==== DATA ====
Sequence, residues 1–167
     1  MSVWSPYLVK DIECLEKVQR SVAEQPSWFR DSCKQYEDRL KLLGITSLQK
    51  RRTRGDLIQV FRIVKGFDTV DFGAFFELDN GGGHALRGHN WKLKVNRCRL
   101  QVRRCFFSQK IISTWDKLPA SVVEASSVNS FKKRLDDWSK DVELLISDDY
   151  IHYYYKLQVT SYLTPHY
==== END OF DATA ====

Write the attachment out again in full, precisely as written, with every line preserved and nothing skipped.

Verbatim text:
Sequence, residues 1–167
     1  MSVWSPYLVK DIECLEKVQR SVAEQPSWFR DSCKQYEDRL KLLGITSLQK
    51  RRTRGDLIQV FRIVKGFDTV DFGAFFELDN GGGHALRGHN WKLKVNRCRL
   101  QVRRCFFSQK IISTWDKLPA SVVEASSVNS FKKRLDDWSK DVELLISDDY
   151  IHYYYKLQVT SYLTPHY